I suspected that you would be incapable of answering a simple clear question with a simple clear answer.

You didn't ask a simple question.  You asked a question that is the "Complex Question Fallacy."

"If God can do anything, can He make a boulder too big for Him to pick up?"

Quote
I did not ask if you would think it were Christ etc.  I asked if it would be a sin to drink the blood of Our Lord Jesus Christ in its natural form if He presented it to you to drink.

Yes. Because I would doubt that it's Christ, I would believe drinking it, besides being perverse would be an act of material idolatry. So it would not be of any benefit to me.  The more prudent action would be to refrain. 


Quote
Let's try again:

If Christ gives you His blood to drink in its natural form, is it a sin to drink it?

Yes.  Because it won't happen.  It's a fallacious question.  If you don't think it's fallacious, then YOU should be able to answer the simple question I posed about cooking His flesh prior to consumption.

Quote
PS. As an aside, in the case of extracting the venom from a snake bite, one does not swallow the poison but spit it out. 

I would bet there would be some blood once you cut that "X" into the bite wounds.  And I bet there would be trace amounts that would get swallowed in the process.

Somehow, I suspect you won't answer the simple question about eating His carnal flesh and whether or not it would be sinful to cook His flesh up to make it more palatable.

In other words, when it comes to Christ, what form of cannibalism do you prefer? 

Sorry Gerard, it is a simple question and whether or not you believe it would not happen is irrelevant.

If you believe it to be a fallacy, answer the question if it isn't a fallacy and then attempt to expose the fallacy.

For those who are offended by the question - I have been unable to locate anything in Catholic Theology that would prevent it from happening.  That you are repulsed by the thought is simply consistent with the following:

Quote from: Catechism of Trent
Nothing more becomes the piety of the faithful than, omitting all curious questionings, to revere and adore the majesty of this august Sacrament, and to recognise the wisdom of God in commanding that these holy mysteries should be administered under the species of bread and wine. For since it is most revolting to human nature to eat human flesh or drink human blood, therefore God in His infinite wisdom has established the administration of the body and blood of Christ under the forms of bread and wine, which are the ordinary and agreeable food of man.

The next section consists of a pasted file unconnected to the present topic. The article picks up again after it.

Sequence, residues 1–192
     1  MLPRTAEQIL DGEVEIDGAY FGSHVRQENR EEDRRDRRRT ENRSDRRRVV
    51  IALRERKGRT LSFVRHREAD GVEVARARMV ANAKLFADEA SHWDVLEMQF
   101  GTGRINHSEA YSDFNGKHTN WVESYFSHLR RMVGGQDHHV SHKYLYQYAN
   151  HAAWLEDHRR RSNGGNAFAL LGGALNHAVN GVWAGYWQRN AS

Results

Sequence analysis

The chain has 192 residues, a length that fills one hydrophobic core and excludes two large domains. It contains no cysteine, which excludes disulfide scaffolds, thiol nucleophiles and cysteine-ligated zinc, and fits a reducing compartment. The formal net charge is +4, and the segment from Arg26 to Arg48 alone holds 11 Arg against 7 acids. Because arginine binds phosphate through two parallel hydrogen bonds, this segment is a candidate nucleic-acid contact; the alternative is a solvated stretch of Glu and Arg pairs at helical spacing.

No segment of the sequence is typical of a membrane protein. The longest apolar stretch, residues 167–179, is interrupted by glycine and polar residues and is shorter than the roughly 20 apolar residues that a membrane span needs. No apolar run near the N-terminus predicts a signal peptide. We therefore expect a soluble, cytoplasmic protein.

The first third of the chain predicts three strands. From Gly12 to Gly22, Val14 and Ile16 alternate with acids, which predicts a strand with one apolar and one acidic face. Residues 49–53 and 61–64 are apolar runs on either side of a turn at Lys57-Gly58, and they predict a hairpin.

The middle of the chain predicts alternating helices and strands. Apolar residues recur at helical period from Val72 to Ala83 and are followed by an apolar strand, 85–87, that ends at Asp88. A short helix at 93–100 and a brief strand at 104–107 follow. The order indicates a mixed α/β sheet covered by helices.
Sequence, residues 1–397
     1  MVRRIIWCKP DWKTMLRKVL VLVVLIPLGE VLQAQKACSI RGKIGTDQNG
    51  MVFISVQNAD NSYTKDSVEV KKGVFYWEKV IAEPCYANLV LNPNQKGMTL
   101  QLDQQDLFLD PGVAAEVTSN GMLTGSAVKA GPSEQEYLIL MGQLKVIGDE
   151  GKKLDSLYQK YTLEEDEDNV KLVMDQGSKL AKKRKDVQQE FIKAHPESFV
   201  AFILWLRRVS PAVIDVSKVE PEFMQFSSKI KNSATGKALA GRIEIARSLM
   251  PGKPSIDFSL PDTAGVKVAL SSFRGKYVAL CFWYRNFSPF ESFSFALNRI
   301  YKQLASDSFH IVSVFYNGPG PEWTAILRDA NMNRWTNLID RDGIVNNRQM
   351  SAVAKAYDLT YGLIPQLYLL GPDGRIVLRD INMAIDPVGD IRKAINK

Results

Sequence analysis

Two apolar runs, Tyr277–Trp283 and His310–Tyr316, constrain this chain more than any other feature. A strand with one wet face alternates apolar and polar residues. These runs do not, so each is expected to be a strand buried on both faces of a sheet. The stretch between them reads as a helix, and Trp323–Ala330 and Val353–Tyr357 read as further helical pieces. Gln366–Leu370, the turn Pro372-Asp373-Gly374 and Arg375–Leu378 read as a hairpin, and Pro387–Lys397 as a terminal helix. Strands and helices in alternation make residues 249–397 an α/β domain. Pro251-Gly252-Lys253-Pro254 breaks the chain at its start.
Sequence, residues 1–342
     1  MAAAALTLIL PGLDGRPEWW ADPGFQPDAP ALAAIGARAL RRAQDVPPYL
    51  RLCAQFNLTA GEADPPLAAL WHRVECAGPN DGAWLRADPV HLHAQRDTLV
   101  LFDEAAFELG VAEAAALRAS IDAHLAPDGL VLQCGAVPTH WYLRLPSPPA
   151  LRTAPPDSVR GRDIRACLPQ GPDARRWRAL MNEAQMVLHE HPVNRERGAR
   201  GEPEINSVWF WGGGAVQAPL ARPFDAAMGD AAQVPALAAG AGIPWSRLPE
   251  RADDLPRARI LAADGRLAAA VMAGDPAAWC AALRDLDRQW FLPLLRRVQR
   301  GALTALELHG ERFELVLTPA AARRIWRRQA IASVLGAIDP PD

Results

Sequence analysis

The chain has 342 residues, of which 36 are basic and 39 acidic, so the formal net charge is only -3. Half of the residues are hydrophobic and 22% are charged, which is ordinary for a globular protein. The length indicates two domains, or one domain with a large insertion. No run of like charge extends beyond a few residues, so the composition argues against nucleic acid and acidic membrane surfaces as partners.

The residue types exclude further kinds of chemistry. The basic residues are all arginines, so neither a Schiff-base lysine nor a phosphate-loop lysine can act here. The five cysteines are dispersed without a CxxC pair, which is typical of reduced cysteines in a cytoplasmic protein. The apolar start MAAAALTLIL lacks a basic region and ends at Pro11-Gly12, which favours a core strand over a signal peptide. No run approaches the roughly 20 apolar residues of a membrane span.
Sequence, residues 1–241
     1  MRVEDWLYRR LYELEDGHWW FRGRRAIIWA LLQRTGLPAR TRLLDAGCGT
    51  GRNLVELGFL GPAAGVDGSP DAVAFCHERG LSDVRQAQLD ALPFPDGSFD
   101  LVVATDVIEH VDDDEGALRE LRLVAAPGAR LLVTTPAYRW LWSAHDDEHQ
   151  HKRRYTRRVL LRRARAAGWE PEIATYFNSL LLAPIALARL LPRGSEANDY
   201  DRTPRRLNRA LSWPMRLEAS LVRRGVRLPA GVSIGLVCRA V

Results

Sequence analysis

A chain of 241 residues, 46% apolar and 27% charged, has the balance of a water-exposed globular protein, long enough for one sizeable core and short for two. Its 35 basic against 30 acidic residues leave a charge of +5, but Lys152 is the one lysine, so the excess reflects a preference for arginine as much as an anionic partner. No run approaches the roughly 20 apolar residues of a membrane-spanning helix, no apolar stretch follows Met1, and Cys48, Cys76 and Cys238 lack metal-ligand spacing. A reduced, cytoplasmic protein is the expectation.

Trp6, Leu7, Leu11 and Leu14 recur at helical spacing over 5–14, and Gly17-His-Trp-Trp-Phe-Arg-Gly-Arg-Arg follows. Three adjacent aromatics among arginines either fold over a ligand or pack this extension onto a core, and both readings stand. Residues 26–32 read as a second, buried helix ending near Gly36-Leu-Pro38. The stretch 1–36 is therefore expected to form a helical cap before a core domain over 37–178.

Parcontre, there is no moral reason that I can find that would prevent God from instituting communion under the visible form ...

Quote from: Catechism of Trent
There are two further advantages: first, it prevents the calumnious reproaches of the unbeliever, from which the eating of our Lord under His visible form could not easily be defended; secondly, the receiving Him under a form in which He is impervious to the senses avails much for increasing our faith. For faith, as the well known saying of St. Gregory declares, has no merit in those things which fall under the proof of reason.

Note the distinction being made - "eating of our Lord under His visible form could not easily be defended" does not mean it is indefensible.

Further, for the cannibals in the group:

When I looked at some theologians arguments - none contained references to theological literature, so this is basically an open topic in speculative theology.  It also appears to be one that isn't discussed very often.

Now why did I pose the question?

Because it is one of the issues that Gerard has with the prelude to the Fatima Apparitions.

That the younger children received Our Lords Blood in its visible form is supported by the text itself as well as by the footnote in which it stated that they did not believe it to have been a sacramental communion, but still communion.

Gerard, see if you can man up and answer the question.

If you can find the intellectual integrity to answer the question, the follow up question is this:

Would you obey Christ and drink his visible blood???
« Last Edit: July 01, 2017, 08:21:22 AM by tradical »